Tesla envisioned a bright future for solar energy in the United States when it took over Solar City in 2016.
But that’s not exactly how it’s played out for CEO Elon Musk & Co.
Tesla’s sunny outlook on solar turns cloudy
When Tesla first announced its plans to roll out a line of solar shingles, the interest level was intense. People were very excited to learn about attractive shingles for your roof that generated energy and helped cut down on your electric bill.
But that enthusiasm waned somewhat when the price was revealed.
The actual cost of solar tiles is $42 per square foot including materials and labor — but that’s before accounting for the money you’ll save from energy generation over time.
When you factor in that, the equation changes.
“The typical homeowner can expect to pay $21.85 per square foot* for [a] solar roof and benefit from a beautiful new roof that also increases the value of their home,” the company wrote in a May 2017 blog post.
Not included in that price are taxes, permit fees and additional construction costs such as significant structural upgrades, gutter replacement and skylight replacement.
So it’s still an expense proposition to outfit your home with Tesla shingles.
Still, Tesla looked like it had an innovative new product on its hands and it pushed on with developing a sales strategy.
The acquisition of Solar City in late 2016 looked like it would position Tesla to dominate the U.S. solar installation market.
But early on, Tesla decided to break with Solar City’s tried-and-true sales approach. The implications of that move are only now being felt.
A look at the damage done
Solar City had selling solar in residential neighborhoods down to a science. The company reportedly had 1,000 door-to-door salespeople selling the shingles throughout solar-friendly states.
But Tesla’s decision to rejigger the way shingles would be sold after acquiring Solar City has seriously dampened sales, according to a new analysis by GTM Research.
Reuters reports that home solar installs across the country will fall for the first time this year after double-digit growth during the last four years.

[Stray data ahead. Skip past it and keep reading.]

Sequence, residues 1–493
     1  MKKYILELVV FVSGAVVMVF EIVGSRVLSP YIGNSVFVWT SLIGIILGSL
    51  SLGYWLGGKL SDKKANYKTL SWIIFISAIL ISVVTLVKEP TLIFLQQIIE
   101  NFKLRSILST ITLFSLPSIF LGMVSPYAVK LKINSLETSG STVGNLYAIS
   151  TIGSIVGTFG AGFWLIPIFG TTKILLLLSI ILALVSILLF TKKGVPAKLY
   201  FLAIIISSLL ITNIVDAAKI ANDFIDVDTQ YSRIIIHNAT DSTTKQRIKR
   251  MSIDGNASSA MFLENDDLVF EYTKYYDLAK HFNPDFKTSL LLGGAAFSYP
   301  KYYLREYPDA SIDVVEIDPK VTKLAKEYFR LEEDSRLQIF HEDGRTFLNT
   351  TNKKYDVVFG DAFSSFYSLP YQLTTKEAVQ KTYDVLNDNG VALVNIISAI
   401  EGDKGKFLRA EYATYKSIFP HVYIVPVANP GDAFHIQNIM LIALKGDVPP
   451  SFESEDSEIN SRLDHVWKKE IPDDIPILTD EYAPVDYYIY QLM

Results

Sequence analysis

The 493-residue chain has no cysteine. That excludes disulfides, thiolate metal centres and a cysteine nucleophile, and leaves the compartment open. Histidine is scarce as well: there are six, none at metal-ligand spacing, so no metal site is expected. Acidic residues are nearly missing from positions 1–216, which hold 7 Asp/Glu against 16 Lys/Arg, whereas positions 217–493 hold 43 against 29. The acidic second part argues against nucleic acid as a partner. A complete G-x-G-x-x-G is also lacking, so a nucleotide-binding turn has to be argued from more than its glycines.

GTM Research is forecasting a 13% decline this year in the U.S. solar install market. That’s a sharp decrease after nearly 20% growth last year and four straight years prior of 50%+ increases in growth.
Solar City alone accounted for between around a 30% share of the U.S. solar market from 2014 through 2016. So when the company got bought out and had its proven sales formula changed by Tesla, something was bound to change in the marketplace!
No longer could eager homeowners get on board with the company’s no-money-down offer and pay a monthly fee to go solar. Investor concern about debt — particularly after the company was acquired — put the kibosh on that business model despite its popularity.
Now, Tesla skips the direct residential hawking and only sells solar shingles in its own stores, alongside its own cars and batteries.
The moral of the story here might just be this: If something ain’t broke, don’t fix it!
We are only now beginning to see the fruits of Tesla’s modification of the proven Solar City sales model. And an economical solar installation business model is now suffering because of it.
The sad part is that just puts the financial and energy independence that solar promises one step further away from the average homeowner.